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FDA ad­comm nar­row­ly votes in fa­vor of Mer­ck­'s an­tivi­ral for out­pa­tient Covid-19

With little explanation for why Merck’s potential Covid-19 antiviral was less effective in reducing Covid hospitalizations and deaths in a full analysis of a Phase III trial versus an interim look, the FDA’s antimicrobial drugs advisory committee on Tuesday voted 13-10 in favor of the pill’s benefits outweighing the risks for adults within 5 days of developing Covid symptoms.

Molnupiravir will likely be authorized by FDA in the coming days for adults with mild or moderate Covid-19. While Pfizer’s antiviral may prove to be more effective, Merck’s pill will be another weapon in the armamentarium of Covid-19 treatments for countries around the world, adding to the mAb treatments already in use in the outpatient space from Regeneron, Eli Lilly and Vir/GlaxoSmithKline.

Philip Dormitzer, new GSK global head of vaccines R&D

Glax­o­SmithK­line poach­es Pfiz­er's vi­ral vac­cines lead in rush to cap­i­tal­ize on fu­ture of mR­NA

GlaxoSmithKline has appointed Philip Dormitzer, formerly chief scientific officer of Pfizer’s viral vaccines unit, as its newest global head of vaccines R&D, looking to leverage one of the leading minds behind Pfizer and BioNTech’s RNA collaboration that led to Covid-19 jab Comirnaty, the British drug giant said Tuesday.

Dormitzer had been with Pfizer for a little more than six years, joining up after a seven-year stint with Novartis, where he reached the role of US head of research and head of global virology for the company’s vaccines and diagnostics unit.

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In­tro­duc­ing End­points Stu­dio, a new way to ad­ver­tise with End­points-craft­ed brand­ing cam­paigns

Since our start in 2016, Endpoints has grown fast while executing our mission to cover biopharma’s most critical developments for industry pros worldwide. As readership has grown, our advertising business has too. Endpoints advertising partners support the mission and engage their desired audiences through announcements on our email and web platforms, brand recognition in our event coverage and sponsorships of Endpoints daily and weekly reports.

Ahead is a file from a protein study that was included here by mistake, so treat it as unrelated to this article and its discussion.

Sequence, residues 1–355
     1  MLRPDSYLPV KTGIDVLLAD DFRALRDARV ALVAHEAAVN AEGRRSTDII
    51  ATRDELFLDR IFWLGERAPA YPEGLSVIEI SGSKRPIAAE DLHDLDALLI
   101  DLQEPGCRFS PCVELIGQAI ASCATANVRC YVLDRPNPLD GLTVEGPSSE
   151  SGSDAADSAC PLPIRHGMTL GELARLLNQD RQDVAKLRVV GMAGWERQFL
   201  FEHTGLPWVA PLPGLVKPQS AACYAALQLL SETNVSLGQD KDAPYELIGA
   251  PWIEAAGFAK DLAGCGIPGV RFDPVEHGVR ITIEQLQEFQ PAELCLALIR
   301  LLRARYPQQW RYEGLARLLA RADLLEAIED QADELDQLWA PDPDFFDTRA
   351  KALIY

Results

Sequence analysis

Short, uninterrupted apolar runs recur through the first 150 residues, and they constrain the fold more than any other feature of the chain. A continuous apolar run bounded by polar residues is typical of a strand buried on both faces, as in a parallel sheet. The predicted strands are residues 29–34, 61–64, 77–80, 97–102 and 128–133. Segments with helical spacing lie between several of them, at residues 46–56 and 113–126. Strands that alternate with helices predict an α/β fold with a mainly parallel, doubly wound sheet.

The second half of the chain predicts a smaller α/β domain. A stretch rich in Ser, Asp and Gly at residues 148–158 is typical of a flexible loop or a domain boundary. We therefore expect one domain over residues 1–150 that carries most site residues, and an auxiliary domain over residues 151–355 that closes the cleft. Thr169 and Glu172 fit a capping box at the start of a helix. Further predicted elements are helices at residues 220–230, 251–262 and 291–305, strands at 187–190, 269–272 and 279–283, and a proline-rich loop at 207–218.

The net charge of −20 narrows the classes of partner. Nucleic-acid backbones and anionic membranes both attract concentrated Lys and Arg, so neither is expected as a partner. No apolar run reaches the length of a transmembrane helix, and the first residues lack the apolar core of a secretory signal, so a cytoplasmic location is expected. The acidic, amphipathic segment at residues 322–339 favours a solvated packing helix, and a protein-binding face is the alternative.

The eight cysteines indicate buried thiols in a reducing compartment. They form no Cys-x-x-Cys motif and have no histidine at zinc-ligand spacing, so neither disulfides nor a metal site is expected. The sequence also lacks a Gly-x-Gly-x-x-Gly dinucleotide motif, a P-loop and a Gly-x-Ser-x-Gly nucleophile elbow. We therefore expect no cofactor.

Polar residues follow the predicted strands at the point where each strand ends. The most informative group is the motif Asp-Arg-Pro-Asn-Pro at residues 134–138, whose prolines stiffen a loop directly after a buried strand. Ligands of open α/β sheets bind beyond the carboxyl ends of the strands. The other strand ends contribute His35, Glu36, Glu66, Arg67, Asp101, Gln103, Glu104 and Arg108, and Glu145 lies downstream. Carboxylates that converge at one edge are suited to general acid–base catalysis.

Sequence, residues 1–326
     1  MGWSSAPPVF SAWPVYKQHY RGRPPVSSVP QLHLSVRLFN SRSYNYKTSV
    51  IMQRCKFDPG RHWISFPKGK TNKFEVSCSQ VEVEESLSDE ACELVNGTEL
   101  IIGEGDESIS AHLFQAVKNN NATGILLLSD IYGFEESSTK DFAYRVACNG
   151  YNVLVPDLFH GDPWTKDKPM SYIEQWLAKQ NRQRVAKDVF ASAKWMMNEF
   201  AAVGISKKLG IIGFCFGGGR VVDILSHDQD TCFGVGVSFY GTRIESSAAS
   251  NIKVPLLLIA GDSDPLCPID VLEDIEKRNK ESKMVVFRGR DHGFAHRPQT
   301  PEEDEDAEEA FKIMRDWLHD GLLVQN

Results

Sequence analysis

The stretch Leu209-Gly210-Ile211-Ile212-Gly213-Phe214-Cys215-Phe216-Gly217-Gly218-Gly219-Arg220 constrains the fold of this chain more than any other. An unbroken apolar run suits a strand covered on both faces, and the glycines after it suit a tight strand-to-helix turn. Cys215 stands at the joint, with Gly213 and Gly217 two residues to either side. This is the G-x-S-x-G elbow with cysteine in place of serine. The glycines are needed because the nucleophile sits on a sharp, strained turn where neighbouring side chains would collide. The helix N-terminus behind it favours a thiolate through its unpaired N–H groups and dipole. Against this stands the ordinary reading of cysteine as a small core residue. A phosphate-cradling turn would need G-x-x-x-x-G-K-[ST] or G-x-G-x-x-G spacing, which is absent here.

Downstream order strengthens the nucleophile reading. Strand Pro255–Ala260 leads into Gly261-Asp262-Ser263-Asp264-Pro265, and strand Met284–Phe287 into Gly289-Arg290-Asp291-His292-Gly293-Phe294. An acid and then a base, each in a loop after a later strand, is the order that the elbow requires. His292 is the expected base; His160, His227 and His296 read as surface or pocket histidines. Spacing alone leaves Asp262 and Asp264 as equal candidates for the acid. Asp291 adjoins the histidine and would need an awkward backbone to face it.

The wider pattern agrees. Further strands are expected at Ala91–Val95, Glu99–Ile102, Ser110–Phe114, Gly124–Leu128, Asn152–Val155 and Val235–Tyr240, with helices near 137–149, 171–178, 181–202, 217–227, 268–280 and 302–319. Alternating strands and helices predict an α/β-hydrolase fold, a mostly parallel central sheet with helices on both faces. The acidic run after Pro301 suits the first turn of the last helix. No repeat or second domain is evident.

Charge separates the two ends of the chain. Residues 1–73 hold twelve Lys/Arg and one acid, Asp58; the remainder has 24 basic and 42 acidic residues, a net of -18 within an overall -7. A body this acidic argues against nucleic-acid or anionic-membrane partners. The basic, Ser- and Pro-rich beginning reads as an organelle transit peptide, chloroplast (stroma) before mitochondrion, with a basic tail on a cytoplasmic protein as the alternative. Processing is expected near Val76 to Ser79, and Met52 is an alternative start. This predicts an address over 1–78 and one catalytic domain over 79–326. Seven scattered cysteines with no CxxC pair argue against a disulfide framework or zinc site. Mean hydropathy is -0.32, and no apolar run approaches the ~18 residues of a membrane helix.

Ap­peals court puts the fi­nal nail in the cof­fin for Tec­fidera patent, adding to Bio­gen's bur­geon­ing set­backs

In another setback for Biogen, the big biotech lost its appeal to revive a patent for the once-blockbuster drug Tecfidera, marking a likely conclusion to the case.

The US Court of Appeals for the Federal Circuit issued the ruling Tuesday morning, saying Biogen failed to satisfy the “written description” requirement for patent law. As a result, Mylan-turned-Viatris will be able to sell its multiple sclerosis generic without fear of infringement and Biogen will have to find a new revenue driver elsewhere.

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Tillman Gerngross (Adagio)

Till­man Gern­gross on Omi­cron: 'It is a grim sit­u­a­tion...we’re go­ing to see a sig­nif­i­cant drop in vac­cine ef­fi­ca­cy'

Tillman Gerngross, the rarely shy Dartmouth professor, biotech entrepreneur and antibody expert, has been warning for over a year that the virus behind Covid-19 would likely continue to mutate, potentially in ways that avoid immunity from infection and the best defenses scientists developed. He spun out a company, Adagio, to build a universal antibody, one that could snuff out any potential mutation.

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In­cor­po­rat­ing Ex­ter­nal Da­ta in­to Clin­i­cal Tri­als: Com­par­ing Dig­i­tal Twins to Ex­ter­nal Con­trol Arms

Most drug development professionals are familiar with the nerve-racking wait for the read-out of a large trial. If it’s negative, is the investigational therapy ineffective? Or could the failure result from an unforeseen flaw in the design or execution of the protocol, rather than a lack of efficacy? The team could spend weeks analyzing data, but a definitive answer may be elusive due to insufficient power for such analyses in the already completed trial. These problems are only made worse if the trial had lower enrollment, or higher dropout than expected due to an unanticipated event like COVID-19. And if a trial is negative, the next one is likely to be larger and more costly — if it happens at all.

Mar­ket­ingRx roundup: Ab­b­Vie’s Hu­mi­ra TV turns fo­cus to HS skin con­di­tion; Sanofi amps par­ent­ing pol­i­cy

After years as the top spending pharma TV advertiser, AbbVie’s Humira brand finally downshifted earlier this year, ceding much of its marketing budget to up-and-coming sibling meds Skyrizi and Rinvoq. However, now Humira is back on TV with ads for another condition — Hidradenitis suppurativa (HS).

The chronic and painful skin condition results in lumps and abscesses caused by inflammation or infection of sweat glands, most often in the armpits or groin. Humira was first approved to treat HS in 2015 and remains the only FDA-approved drug for the condition. Two TV ads both note more than 30,000 people with HS have been prescribed Humira.